The average price of gasoline has soared to a national average of $4 per gallon, the U.S. Energy Department announced this week. That's bad news not only for American motorists, but also for American hotels, according to Bjorn Hanson, a hospitality and leisure researcher for PricewaterhouseCoopers. Speaking in New York last week at the 30th annual New York University International Hospitality Industry Investment Conference, he reported that every 10 percent increase in gas prices is coupled with a 0.5 percent decline in hotel demand.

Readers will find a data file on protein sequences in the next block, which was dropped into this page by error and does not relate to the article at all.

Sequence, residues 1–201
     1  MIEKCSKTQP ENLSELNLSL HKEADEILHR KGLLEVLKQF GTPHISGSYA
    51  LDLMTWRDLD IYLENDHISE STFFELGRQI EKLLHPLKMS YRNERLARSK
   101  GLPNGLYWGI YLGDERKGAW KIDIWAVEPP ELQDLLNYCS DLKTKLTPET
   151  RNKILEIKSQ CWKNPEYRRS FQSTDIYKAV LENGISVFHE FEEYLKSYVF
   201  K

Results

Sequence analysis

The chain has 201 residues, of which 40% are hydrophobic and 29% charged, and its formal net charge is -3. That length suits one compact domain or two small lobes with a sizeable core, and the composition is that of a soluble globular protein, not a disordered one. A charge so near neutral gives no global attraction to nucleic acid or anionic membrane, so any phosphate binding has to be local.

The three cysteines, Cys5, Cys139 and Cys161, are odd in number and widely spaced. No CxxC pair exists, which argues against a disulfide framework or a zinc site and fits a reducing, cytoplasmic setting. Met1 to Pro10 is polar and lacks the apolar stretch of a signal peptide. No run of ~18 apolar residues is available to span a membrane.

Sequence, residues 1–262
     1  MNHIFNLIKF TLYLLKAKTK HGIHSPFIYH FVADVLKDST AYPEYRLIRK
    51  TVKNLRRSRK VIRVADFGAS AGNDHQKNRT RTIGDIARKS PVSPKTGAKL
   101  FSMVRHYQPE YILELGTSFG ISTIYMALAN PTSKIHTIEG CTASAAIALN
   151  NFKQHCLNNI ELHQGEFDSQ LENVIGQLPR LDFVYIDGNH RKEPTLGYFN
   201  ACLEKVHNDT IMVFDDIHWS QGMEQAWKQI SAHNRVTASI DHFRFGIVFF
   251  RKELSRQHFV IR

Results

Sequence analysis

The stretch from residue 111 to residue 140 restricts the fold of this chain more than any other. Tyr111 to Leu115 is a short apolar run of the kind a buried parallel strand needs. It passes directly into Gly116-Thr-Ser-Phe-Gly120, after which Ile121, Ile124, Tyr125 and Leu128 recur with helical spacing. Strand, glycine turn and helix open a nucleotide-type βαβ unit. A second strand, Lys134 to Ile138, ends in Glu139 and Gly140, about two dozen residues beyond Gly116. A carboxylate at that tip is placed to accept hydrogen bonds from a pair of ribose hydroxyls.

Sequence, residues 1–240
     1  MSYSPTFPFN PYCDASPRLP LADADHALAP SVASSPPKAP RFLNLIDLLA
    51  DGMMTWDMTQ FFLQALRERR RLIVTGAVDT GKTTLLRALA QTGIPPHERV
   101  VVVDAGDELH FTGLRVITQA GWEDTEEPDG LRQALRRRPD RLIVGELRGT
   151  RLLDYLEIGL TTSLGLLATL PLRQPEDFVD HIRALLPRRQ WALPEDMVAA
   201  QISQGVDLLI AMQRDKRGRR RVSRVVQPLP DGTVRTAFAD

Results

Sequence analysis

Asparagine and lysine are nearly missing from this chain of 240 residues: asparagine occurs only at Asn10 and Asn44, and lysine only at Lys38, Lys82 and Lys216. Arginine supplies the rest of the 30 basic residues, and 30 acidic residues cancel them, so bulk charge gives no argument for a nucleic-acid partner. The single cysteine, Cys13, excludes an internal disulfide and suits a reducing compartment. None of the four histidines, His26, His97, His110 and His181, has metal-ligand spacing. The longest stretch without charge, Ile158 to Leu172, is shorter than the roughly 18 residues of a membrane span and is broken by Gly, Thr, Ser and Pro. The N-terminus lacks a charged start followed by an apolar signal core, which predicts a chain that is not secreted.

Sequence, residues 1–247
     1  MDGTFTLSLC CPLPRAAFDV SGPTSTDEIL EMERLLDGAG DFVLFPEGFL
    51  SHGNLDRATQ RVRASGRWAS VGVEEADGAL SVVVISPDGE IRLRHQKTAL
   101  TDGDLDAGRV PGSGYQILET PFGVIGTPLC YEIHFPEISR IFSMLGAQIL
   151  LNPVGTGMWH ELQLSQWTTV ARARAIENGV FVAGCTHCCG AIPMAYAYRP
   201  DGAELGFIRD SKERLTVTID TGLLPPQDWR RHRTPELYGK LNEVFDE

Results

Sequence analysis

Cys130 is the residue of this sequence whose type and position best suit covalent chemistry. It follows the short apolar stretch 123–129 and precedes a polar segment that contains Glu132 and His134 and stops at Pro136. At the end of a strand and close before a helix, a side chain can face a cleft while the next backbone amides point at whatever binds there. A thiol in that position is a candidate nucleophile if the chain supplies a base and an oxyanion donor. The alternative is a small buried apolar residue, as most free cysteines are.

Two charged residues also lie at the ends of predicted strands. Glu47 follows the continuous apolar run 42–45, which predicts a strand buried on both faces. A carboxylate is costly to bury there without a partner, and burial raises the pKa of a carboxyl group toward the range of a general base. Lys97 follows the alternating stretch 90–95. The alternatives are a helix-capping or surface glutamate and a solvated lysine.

Even as it hurts demand, however, the economy isn't expected to impact hotel rates anytime soon, according to MeetingsNet, which reported on the conference. It cites Mark V. Lomanno, president of Hendersonville, Tenn.-based Smith Travel Research, who pointed out in a separate session that hotel room rates have not yet declined, despite high gas prices and the reduced availability of credit.
In fact, Lomanno said, for the first five months of 2008, revenue per available room (RevPAR) was at 2.6 percent in the United States; at the end of May, it was up 4.6 percent.
Helping, Lomanno added, is a new upward trend in weekday occupancy, which accounted for more than $24 billion in hotel revenue at the end of April, up from more than $23 billion a year earlier.